McDonald's successfully defeats class certification in putative state-wide wage and hour action
Clients McDonald's Corporation
Jones Day successfully represented McDonald's in a class-action lawsuit filed by former McDonald's employees, asserting claims under the Fair Labor Standards Act, the Missouri Minimum Wage Law, and common law theories of unjust enrichment, quantum meruit, and breach of implied contract.
On August 12, 2010, the U.S. District Court for the Eastern District of Missouri ruled in favor of Jones Day client McDonald's Corporation, denying the plaintiffs' motion for class certification in a putative state-wide wage-and-hour class action. The plaintiffs alleged that McDonald's had failed to pay all overtime compensation due hourly employees at the Company's Missouri restaurants. The plaintiffs specifically asserted that McDonald's had improperly edited employee time records to reduce reported hours worked, automatically deducted break time regardless of whether employees actually took a break, and forced employees to work off-the-clock. In addition, plaintiffs sought compensation for time spent cleaning and maintaining their McDonald's uniforms. Plaintiffs sued under Missouri state law, and they sought class certification of their state-law claims. (Plaintiffs also brought FLSA claims on an individual basis only.)
The case was originally filed in the Circuit Court of Cole County, Missouri. Jones Day successfully removed the case to the U.S. District Court for the Western District of Missouri, then prevailed on a motion to transfer the matter to the Eastern District. Following a period of discovery and briefing, the Eastern District rejected plaintiffs' class certification bid, accepting Jones Day's arguments that the plaintiffs' claims were "highly individualized" and that "fact intensive issues predominate over common questions and preclude class certification." For example, as to plaintiffs' claims that McDonald's had improperly edited employee time records, the court agreed that there are numerous "legitimate reasons to manually edit an employee's computerized time punches," noting that the plaintiffs themselves admitted that their time had been edited on multiple occasions to ensure that they were properly paid for all hours worked. Against this backdrop, the Court found persuasive Jones Day's arguments that plaintiffs' claims could not be resolved on the basis of common evidence, and that the plaintiffs had not demonstrated either that common issues predominated or that a class action would be a superior method of proceeding on the facts presented.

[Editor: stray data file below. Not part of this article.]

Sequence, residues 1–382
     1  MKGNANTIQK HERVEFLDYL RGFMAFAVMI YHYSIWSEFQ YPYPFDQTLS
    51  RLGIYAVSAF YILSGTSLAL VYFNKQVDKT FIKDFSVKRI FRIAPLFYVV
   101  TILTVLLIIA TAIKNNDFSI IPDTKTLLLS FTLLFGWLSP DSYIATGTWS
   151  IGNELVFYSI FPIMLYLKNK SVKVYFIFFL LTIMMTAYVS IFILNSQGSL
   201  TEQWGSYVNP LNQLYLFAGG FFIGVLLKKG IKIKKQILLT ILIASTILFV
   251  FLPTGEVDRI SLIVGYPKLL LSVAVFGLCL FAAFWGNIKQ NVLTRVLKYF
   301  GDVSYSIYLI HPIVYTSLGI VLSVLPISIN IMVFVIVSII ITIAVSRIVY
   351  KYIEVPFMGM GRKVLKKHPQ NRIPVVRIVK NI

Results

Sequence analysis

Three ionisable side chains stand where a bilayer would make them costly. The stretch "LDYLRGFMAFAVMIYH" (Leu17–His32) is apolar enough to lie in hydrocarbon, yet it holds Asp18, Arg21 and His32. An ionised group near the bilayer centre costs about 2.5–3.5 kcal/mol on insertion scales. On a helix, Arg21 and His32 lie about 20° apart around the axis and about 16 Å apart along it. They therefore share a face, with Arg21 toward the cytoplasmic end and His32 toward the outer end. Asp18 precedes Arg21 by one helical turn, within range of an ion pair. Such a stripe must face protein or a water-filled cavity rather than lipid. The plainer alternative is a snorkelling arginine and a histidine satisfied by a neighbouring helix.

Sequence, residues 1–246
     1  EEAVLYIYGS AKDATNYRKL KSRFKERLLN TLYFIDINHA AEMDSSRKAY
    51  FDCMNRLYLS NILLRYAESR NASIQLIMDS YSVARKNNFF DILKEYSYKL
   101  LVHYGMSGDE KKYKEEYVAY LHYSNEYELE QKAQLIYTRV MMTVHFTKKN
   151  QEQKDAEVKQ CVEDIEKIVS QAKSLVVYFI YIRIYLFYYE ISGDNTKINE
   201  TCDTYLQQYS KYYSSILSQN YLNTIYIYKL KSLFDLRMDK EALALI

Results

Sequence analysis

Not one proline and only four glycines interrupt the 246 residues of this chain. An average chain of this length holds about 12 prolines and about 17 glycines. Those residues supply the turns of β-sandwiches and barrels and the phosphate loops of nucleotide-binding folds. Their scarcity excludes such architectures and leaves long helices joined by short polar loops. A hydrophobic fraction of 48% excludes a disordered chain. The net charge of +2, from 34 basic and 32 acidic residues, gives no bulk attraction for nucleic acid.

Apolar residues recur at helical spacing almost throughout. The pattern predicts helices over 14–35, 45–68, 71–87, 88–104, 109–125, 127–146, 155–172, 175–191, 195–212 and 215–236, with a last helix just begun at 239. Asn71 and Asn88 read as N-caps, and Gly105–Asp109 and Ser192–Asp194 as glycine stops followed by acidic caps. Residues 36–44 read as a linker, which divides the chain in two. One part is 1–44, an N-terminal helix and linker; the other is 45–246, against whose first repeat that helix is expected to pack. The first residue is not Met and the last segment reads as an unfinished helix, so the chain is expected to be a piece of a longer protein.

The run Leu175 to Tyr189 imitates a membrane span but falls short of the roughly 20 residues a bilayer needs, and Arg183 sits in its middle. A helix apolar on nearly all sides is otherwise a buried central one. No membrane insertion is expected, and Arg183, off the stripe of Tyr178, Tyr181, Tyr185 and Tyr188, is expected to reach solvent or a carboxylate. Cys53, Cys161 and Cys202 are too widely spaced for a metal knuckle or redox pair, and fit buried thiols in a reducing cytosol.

Doyel, et al., v. McDonald's Corporation, Case No. 4:08-cv-01198-CAS (E.D. Mo. August 12, 2010)